Review of 2017: is work becoming even more ironic?

When originally drafting this Review, I struggled... what were that year's themes? I wasn’t sure… then inspiration came from two directions. Firstly, a client sent me a 26-page contract for just a single day of training (yes, 26)… then a week later, sent me an e-Christmas card, saying it was ‘a sign of its commitment to the environment’.

Secondly, I reread last year’s emails. And lo, the theme emerged. Irony. Last year had numerous examples, e.g. the ‘communicating’ book that said never to make more than three points – but gave this tip as one of ten tips. The UN’s attempt to ‘facilitate clarity’ - it was a 117-word sentence (tip for clarity: avoid the word facilitate). The Time Management Course that over-ran. The email that exhorted me to use videos, but didn’t include a video.

I could go on, there are many more examples from last year. But let's stop there. Instead, here are tips on spotting irony - or, rather, two steps to follow in 2018 when someone spouts communication 'theories' at you (but do choose your battles… maybe don't try them out on your boss):

Ensure people practice what they preach: if someone exhorts you to use videos or do infographics or follow a ‘rule-of-three’ or “tell stories” (a trendy topic...), etc, do they use those techniques when conveying stuff to you? At an ‘infographics’ Course, a presenter showed us lots of infographics people had done to convey their stuff to others - yet to convey his stuff to us, he used just one in three hours (and he did it ironically, given he sported a wry smile as it went on screen).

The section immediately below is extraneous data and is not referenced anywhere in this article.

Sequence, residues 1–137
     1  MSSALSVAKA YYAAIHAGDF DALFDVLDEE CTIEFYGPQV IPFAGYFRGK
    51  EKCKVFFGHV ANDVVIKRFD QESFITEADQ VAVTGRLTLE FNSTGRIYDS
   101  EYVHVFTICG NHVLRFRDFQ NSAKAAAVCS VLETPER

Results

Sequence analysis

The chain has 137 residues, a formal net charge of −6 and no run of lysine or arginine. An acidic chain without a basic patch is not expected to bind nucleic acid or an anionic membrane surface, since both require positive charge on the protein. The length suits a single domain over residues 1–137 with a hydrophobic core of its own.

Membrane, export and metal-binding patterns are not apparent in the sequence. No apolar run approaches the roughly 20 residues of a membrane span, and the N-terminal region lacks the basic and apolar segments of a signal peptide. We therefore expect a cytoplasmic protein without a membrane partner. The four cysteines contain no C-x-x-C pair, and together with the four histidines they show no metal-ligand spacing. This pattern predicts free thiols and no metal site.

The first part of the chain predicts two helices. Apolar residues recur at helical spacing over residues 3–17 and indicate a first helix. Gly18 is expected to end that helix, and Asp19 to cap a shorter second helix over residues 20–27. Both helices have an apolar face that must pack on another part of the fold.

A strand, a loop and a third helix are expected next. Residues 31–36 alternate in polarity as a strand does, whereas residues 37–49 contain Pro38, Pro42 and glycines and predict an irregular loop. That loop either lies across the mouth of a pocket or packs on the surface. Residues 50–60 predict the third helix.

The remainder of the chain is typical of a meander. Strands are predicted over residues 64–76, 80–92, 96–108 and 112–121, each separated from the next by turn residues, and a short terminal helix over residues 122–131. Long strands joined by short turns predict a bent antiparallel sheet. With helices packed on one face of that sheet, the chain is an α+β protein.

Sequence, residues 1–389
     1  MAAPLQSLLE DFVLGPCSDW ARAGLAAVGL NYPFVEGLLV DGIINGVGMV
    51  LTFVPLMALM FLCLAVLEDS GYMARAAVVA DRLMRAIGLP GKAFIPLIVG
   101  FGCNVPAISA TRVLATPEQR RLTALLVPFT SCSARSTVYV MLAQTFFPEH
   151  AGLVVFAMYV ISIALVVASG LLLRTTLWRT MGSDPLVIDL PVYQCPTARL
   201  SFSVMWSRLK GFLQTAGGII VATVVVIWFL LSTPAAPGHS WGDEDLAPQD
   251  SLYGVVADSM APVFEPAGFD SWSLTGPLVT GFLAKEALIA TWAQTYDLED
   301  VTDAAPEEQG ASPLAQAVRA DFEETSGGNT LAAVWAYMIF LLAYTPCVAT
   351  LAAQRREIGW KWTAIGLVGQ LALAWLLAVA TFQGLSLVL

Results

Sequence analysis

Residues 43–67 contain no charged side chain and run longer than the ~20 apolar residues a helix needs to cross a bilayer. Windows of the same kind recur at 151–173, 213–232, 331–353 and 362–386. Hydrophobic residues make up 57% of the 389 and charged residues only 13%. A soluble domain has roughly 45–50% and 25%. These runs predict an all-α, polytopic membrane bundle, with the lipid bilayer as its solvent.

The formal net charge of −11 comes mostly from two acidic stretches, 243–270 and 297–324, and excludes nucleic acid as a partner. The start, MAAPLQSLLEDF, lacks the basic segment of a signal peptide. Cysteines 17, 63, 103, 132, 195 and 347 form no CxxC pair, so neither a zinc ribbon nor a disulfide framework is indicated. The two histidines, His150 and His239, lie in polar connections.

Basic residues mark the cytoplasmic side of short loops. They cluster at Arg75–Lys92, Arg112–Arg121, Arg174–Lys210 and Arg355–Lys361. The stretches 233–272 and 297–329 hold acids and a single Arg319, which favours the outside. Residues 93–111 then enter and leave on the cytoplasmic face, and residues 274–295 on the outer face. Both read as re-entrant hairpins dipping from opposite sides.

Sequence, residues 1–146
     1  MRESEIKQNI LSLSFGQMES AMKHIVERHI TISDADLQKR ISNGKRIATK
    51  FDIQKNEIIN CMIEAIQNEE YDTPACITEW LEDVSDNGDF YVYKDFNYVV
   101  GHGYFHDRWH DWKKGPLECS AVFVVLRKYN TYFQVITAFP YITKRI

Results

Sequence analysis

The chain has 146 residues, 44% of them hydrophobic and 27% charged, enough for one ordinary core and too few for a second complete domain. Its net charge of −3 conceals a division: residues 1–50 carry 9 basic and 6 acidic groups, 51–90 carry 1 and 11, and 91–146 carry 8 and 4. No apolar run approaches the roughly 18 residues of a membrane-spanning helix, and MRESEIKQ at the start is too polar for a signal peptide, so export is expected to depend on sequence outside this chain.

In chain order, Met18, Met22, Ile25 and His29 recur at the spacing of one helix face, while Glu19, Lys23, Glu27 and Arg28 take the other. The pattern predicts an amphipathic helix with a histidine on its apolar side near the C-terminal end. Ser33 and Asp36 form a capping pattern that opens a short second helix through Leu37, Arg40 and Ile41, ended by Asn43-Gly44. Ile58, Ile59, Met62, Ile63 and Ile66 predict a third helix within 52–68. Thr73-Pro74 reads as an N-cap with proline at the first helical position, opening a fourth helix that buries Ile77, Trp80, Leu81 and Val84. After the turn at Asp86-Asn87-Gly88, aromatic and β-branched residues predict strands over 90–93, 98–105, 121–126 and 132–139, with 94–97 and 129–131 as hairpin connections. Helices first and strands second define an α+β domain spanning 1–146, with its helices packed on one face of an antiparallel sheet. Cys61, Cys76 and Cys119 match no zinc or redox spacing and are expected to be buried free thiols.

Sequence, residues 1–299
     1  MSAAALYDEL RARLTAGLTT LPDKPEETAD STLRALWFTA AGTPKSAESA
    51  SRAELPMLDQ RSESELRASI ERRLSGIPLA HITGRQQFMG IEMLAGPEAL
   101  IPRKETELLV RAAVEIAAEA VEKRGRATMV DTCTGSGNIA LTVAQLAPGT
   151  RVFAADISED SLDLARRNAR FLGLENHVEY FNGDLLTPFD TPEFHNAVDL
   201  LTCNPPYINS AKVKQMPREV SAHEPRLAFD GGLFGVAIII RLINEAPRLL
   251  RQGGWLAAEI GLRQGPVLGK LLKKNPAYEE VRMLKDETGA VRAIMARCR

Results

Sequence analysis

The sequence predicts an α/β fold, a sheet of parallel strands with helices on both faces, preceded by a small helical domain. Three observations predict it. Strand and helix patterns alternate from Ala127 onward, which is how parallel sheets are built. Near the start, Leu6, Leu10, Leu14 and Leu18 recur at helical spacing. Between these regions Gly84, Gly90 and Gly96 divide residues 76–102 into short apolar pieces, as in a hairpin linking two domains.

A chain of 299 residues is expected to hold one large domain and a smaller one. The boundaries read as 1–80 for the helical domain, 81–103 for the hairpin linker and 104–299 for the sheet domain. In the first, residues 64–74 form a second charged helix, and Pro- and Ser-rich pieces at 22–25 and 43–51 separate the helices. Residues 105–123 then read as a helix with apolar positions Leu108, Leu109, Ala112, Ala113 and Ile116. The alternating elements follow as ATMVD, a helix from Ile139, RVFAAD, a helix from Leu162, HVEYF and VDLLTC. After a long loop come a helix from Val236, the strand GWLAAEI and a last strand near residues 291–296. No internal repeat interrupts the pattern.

Look also at what happens outside work: decks are reports written in PowerPoint (sounds odd, but go with it), and those that do them make many claims as to why bosses like them. Two particular ones I’ve heard are: (1) bosses prefer landscape; and (2) decks helpfully give one overarching thought per page - and bosses prefer that too. Really? How do bosses cope with broadsheet newspapers? They're in portrait and have many thoughts on a page...

Also, ponder these two: (1) apparently, attention spans are getting shorter… yet blockbuster movies are getting longer; and (2) apparently (again), everything needs to be visual… yet we listen to talk shows and documentaries on podcasts and on the radio.


That was the Review.


But there may be more. You see, when adding this email to my website several years later (it's February 2021), I remembered I'd seen lots of other irony over the years.

There was the company that wouldn't let its staff try anything new, but whose values were: 'Innovate! Challenge!".

There was the company that existed to spread 'happiness at work' - it even had its own BBC show - but which then sent the rudest, most perfunctory, insensitive email I'd seen in years.  

Work overflows with irony.

I might add some more to this email one day. If I do, a future email update will let you know.


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